by David Leeming
West Papua, the western half of the island of New Guinea, is a disputed territory which was annexed by Indonesia from the Netherlands in 1968. West Papua is now a province of Indonesia, and its history parallels that of neighbouring Timor Leste which was also annexed by Indonesia a few years later, but which won independence in 2000 following an epic campaign of resistance during which at least 100,000 people were killed. For West Papua, the struggle continues with worrying incidents reported as recently as March 2015.
Unlike Timor, West Papua is ethnically close to the Melanesian countries of the south west Pacific, comprising Papua New Guinea, Solomon Islands, Vanuatu and Fiji. These four countries are members of two regional blocks, the Melanesian Spearhead Group (MSG) and the wider Pacific Islands Forum. Taking the lead from the Melanesian countries, whose publics feel a sense of kinship and common heritage with the Papuans, the issue has increasingly been a top item on the agenda at meetings of both organisations.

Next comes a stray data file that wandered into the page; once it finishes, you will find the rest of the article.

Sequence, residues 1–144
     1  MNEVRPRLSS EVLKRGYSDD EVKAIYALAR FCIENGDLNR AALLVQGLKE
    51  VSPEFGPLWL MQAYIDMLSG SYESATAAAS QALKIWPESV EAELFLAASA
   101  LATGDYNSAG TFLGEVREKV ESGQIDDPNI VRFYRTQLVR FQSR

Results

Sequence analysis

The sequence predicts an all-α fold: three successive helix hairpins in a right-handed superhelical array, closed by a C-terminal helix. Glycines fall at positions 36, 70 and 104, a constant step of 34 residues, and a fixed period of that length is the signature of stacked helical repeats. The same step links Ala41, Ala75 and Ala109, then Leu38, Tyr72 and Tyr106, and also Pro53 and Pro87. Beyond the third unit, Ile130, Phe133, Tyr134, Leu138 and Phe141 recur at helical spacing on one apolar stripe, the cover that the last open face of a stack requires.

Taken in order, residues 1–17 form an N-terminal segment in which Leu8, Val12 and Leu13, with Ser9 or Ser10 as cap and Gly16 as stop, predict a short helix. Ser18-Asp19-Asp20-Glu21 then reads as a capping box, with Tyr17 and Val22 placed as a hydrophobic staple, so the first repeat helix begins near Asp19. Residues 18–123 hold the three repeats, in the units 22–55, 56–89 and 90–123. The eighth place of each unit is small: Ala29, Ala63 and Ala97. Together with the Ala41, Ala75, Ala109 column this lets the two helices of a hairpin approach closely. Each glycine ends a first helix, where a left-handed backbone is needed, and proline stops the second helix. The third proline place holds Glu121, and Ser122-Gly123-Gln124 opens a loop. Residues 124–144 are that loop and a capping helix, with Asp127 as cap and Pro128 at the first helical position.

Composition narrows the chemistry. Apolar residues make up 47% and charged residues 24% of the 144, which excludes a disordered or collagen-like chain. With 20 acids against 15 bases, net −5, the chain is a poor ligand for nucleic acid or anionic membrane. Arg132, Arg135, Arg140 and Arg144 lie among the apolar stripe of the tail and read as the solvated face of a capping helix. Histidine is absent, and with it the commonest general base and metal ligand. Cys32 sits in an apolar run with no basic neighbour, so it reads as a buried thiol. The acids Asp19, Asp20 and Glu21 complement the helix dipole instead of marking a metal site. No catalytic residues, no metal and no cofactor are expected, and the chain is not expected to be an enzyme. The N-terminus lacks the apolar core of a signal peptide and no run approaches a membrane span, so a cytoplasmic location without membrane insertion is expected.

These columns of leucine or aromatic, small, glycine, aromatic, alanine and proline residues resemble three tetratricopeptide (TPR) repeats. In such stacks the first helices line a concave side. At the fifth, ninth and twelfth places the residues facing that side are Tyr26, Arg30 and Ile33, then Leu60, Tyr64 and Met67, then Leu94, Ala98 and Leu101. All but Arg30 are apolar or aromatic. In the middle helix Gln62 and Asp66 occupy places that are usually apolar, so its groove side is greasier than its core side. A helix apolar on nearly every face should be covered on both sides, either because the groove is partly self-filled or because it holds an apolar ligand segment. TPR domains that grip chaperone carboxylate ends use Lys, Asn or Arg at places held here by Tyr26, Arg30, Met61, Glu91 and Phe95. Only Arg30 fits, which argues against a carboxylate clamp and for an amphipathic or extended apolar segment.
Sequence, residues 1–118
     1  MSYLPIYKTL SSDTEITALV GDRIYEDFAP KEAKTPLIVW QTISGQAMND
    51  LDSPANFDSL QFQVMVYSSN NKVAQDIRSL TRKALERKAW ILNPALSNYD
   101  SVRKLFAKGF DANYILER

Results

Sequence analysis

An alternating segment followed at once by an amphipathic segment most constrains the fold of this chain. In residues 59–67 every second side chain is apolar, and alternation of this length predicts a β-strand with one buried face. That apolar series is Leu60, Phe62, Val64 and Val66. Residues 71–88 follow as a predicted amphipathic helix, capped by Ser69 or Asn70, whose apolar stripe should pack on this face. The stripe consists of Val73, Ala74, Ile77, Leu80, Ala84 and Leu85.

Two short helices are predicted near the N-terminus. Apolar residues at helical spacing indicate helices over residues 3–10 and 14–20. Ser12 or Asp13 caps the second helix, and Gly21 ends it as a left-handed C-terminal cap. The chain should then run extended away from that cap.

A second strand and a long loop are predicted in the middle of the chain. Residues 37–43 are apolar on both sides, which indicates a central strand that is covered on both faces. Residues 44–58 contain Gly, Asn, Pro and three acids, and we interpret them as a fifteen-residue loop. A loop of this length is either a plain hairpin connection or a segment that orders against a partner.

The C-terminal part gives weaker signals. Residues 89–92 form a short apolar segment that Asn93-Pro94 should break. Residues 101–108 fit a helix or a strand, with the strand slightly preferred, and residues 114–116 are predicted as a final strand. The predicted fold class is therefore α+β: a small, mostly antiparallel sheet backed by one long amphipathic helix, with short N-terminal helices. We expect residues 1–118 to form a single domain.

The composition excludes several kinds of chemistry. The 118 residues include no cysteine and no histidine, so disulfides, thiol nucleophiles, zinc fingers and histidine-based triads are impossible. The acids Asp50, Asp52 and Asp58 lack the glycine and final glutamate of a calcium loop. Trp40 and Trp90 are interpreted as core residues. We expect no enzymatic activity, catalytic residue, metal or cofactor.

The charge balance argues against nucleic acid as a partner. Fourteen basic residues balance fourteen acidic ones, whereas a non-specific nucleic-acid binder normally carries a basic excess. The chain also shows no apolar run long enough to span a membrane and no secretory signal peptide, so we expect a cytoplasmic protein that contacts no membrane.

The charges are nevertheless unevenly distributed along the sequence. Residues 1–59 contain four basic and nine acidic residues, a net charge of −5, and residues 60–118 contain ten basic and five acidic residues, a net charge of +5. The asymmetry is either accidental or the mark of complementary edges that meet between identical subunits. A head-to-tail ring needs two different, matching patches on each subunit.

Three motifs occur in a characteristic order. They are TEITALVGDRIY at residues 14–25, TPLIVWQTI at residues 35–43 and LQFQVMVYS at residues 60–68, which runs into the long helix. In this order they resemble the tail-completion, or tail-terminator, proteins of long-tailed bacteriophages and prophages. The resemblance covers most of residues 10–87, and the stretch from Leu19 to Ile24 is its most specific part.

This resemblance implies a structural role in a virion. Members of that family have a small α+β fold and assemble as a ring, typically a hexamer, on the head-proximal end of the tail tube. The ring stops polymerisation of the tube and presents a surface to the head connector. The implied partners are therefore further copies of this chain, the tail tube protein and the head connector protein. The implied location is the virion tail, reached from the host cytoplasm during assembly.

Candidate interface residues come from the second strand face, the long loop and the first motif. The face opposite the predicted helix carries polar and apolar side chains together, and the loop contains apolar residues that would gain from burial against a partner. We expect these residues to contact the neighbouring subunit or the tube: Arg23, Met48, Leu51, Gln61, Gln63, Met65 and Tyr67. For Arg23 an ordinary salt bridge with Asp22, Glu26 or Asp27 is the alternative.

Solomon Islands has found itself as the kingmaker at recent events. Historically, mobilisations of the grassroots in support of political issues have been very rare. It is not uncommon to see marches in the capital, but these are usually organised by churches or official campaigns, and on occasion have been in reaction to ethnic tensions. However, the West Papua issue has seen rallies of “hundreds of people” calling for political leaders to “bring back West Papua to the Family”.